ETI report provides outlook on meeting UK climate change targets

By Katie Fletcher | October 16, 2015

A recent report released by the Energy Technologies Institute states that biomass combined with carbon capture and storage (CCS) remains the only credible route to deliver negative emissions to help meet the U.K.’s 2050 climate change targets.

The insight report “Enabling U.K. Biomass” states, using sustainable biomass as a source of energy could reduce the cost of meeting the U.K.’s 2050 carbon targets by more than 1 percent of GDP helping to make low carbon energy more affordable for consumers and businesses.

Two other points highlighted include that the U.K. can produce its own domestic biomass for secure, affordable and low carbon energy, but agricultural and energy policies need to be joined up, and the high value of bioenergy lies in its versatility to provide energy for a mix of low carbon heat, power, gas and liquid transport fuels.

The report provides an outlook for future business models and the policy and market challenges that need to be overcome when scaling up U.K. biomass production to complement imported biomass.

“Many future scenarios for the U.K. energy system suggest that bioenergy could play a crucial role in meeting our greenhouse gas (GHG) emission reduction targets by 2050, but there are important questions around whether the U.K. sector can rely predominantly on imported feedstocks or if there is a significant role for domestic production too,” said George Day, head of economic strategy at ETI and the report’s author. “This report seeks to initiate a constructive dialogue amongst those who seek to influence, inform or make policy in this area. It sets out the case for a proactive policy to incentivize development of a sustainable U.K. biomass production capability to complement imported biomass.”

He continues to say that farmers in the U.K. need support to grow biomass. “At the ETI we believe there is a strong case for joining up agricultural, land use and energy policies in ways that support domestic biomass production, both to increase land use productivity and to enable us to meet carbon targets affordably," Day said.

The report begins by reiterating how valuable bioenergy is to a low carbon U.K. According to the insight report, “Bioenergy combined with CCS could deliver more than 50 million metric tons of CO2 negative emissions per year by 2050.”

Sustainable biomass—both grown in the U.K. and imported—can provide up to 10 percent of the U.K.’s primary energy needs by 2050.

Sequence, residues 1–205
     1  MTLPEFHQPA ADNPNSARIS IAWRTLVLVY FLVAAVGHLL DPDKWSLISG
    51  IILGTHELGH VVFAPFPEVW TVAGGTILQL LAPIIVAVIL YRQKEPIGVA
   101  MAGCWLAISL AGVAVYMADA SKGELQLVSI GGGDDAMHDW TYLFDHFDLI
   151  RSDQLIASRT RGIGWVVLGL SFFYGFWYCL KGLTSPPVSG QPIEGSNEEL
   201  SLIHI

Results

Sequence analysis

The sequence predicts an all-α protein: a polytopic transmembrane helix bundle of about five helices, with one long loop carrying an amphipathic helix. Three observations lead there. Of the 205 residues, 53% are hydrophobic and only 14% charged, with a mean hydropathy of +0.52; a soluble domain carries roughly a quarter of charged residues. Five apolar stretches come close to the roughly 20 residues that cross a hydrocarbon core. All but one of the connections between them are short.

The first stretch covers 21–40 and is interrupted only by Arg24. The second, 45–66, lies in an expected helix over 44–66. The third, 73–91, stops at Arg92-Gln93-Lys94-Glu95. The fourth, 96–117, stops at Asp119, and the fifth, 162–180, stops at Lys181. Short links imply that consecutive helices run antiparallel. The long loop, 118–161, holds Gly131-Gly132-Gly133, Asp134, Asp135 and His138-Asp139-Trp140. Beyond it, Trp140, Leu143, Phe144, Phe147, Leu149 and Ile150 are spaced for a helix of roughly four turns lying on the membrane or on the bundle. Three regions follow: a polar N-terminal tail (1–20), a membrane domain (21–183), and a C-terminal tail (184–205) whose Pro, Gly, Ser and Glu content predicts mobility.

The ETI analysis draws attention to the potential for expanding U.K. domestic capability to produce sustainable biomass—mainly through perennial energy crops and short-rotation forestry—as a hugely valuable strategic opportunity.

In 2013, over 50,000 hectares (123,552 acres) of U.K. agricultural land were used for bioenergy—comprising 8,000 hectares of oilseed rape, 8,000 hectares of sugar beet, 26,000 hectares of wheat, 7,000 hectares of miscanthus and 3,000 hectares of short rotation coppice. More than 80 percent of this domestic feedstock is currently destined for biofuel production (biodiesel and bioethanol) for U.K. road transport markets. The report states that achieving ETI’s scenarios by 2030 would require both a focus on second generation feedstocks for use in more strategically valuable bioenergy value chains and an estimated 85-fold increase on the current area of second generation bioenergy cropping.

The report spent time going through some of the challenges for scaling up U.K. biomass production. Building from the low starting base described above is one. Another challenge is attributed to making biomass for energy commercially attractive with uncertain rewards for carbon benefits through various policy incentives like Contracts for Difference (CfD) and the Renewable Heat Incentive.  

The report provides an analysis of whether the U.K. can afford policy support. The analysis set briefly considers the scale of some existing policy support and compares these against the potential costs of promoting U.K. biomass under some assumptions. For example, annual cost of support under CfD for 1 gigawatt (GW) of biomass electricity (e.g. Drax conversion) would be approximately £295 million ($456 million) based on a strike price of £105 per megawatt hour (MWh), a projected wholesale price of £62 per MWh and a load factor of 0.8.

Ultimately, the analysis concludes, with focused policies, the U.K. has credible routes to produce around 10 percent of its primary energy needs from sustainable domestic and imported biomass; while also capturing carbon, and supporting rural incomes and economies. Early ETI analysis of the potential costs of policy support suggest that it is both affordable and can deliver good value for money.

The ETI’s latest insight into bioenergy follows one earlier this year, which highlighted that bioenergy has the potential to help secure U.K. energy supplies, mitigate climate change and create significant green growth opportunities if deployed effectively.

The full “Enabling U.K. Biomass” insight report can be found here.